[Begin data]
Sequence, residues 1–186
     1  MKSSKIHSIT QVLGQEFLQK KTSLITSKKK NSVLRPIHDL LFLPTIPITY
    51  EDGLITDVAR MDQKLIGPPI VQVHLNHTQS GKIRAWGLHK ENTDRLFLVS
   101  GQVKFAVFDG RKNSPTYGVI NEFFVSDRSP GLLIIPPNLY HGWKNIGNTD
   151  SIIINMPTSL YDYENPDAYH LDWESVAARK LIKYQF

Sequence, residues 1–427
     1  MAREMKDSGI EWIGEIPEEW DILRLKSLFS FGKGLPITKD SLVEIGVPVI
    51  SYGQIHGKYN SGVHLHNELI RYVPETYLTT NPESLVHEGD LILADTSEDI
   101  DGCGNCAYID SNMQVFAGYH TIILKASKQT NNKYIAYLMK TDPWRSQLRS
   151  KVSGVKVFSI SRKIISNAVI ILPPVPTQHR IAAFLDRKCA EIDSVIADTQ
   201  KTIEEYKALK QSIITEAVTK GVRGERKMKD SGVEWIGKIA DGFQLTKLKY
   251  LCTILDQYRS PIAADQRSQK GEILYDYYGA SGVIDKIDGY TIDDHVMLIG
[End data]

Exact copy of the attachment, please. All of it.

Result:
Sequence, residues 1–186
     1  MKSSKIHSIT QVLGQEFLQK KTSLITSKKK NSVLRPIHDL LFLPTIPITY
    51  EDGLITDVAR MDQKLIGPPI VQVHLNHTQS GKIRAWGLHK ENTDRLFLVS
   101  GQVKFAVFDG RKNSPTYGVI NEFFVSDRSP GLLIIPPNLY HGWKNIGNTD
   151  SIIINMPTSL YDYENPDAYH LDWESVAARK LIKYQF

Sequence, residues 1–427
     1  MAREMKDSGI EWIGEIPEEW DILRLKSLFS FGKGLPITKD SLVEIGVPVI
    51  SYGQIHGKYN SGVHLHNELI RYVPETYLTT NPESLVHEGD LILADTSEDI
   101  DGCGNCAYID SNMQVFAGYH TIILKASKQT NNKYIAYLMK TDPWRSQLRS
   151  KVSGVKVFSI SRKIISNAVI ILPPVPTQHR IAAFLDRKCA EIDSVIADTQ
   201  KTIEEYKALK QSIITEAVTK GVRGERKMKD SGVEWIGKIA DGFQLTKLKY
   251  LCTILDQYRS PIAADQRSQK GEILYDYYGA SGVIDKIDGY TIDDHVMLIG